On July 27, 1998, at 1650 mountain daylight time, a Bombardier DH-8-202, N449YV, operating as America West flight 5181 from Telluride, Colorado, to Montrose, Colorado, sustained substantial damage when it collided with a parked Beech 1900D at Telluride, Airport, Telluride, Colorado. The airline transport certificated captain, first officer, flight attendant, and the 27 passengers on the DH-8 were not injured. There were no people on the Beech 1900D. The flight was operating under Title 14 CFR Part 121 and an IFR flight plan was filed. Visual meteorological conditions prevailed. Use your browsers 'back' function to return to synopsisReturn to Query Page
According to the attached damage evaluation report provided by Field Aviation Company, Inc., Calgary, Canada, both skin (pressure vessel) and airframe damage was sustained during the impact sequence by the DH-8.
According to information provided by the captain on NTSB Form 6120.1/2 (Pilot Operator Aircraft Accident Report), prior to beginning the before start checklist, he attempted to transfer hydraulic fluid from the right system to the left system. When the checklist items were confirmed, it was determined that the parking brake pressure was zero. The captain said they decided to attempt to re-pressurize the parking brake accumulator with a manual pump located in the right wheel well. The first officer had risen from his seat to accomplish this when the aircraft began to roll backwards. It rolled backward approximately 70 feet across the down sloping ramp and collided with an unmanned, empty, parked, Beech 1900D aircraft operated by Great Lakes Aviation.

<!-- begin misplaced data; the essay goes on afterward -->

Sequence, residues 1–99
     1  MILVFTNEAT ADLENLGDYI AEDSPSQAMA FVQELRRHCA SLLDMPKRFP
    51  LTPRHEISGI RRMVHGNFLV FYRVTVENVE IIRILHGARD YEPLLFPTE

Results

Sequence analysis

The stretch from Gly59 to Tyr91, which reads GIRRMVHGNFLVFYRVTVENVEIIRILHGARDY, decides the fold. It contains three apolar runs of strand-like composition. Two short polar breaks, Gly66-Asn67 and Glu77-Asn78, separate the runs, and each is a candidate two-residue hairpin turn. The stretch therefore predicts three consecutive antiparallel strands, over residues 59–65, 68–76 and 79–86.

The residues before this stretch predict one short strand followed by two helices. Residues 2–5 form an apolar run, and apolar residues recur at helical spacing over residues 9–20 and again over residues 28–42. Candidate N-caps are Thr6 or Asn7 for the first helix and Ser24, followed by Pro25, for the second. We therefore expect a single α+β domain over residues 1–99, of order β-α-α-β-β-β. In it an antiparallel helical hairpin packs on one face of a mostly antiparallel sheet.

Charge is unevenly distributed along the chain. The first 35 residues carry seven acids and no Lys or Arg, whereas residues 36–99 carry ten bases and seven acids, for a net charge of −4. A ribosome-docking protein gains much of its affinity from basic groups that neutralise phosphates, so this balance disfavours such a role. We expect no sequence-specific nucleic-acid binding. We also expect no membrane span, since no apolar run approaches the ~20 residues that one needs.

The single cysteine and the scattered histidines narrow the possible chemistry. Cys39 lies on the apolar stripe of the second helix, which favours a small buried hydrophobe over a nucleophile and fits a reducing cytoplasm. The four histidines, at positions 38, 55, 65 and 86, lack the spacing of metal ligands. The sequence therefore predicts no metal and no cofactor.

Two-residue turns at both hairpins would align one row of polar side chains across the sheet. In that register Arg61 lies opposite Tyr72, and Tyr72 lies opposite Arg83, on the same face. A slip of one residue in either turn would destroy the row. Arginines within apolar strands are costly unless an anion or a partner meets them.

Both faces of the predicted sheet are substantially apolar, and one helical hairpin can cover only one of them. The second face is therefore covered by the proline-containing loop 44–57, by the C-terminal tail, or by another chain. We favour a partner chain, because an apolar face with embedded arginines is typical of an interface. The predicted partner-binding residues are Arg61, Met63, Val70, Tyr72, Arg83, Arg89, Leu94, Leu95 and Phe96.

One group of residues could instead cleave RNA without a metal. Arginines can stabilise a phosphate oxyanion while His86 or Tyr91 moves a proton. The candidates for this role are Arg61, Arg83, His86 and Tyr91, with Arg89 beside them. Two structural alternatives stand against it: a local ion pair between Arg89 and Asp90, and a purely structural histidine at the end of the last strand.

The investigation did not reveal a reason for the loss of accumulator pressure on the DH-8
According to information provided by FAA personnel the method the crew was using to transfer hydraulic fluid is not an approved procedure. The slope of the ramp where the event occurred was approximately two degrees and investigation revealed that the DH-8 jumped the chocks, which were on the nose landing gear wheel.
According to information provided by Mesa Airlines and Beech Aircraft, parking across the slope was not feasible due to aircraft not being level, which created lateral fueling imbalance. Mesa Airlines has since changed their chocking procedures by using larger chocks and placing them on the main landing gear. It was determined during the investigation that the nose landing gear often does not have sufficient weight resting on it to prevent jumping the chocks.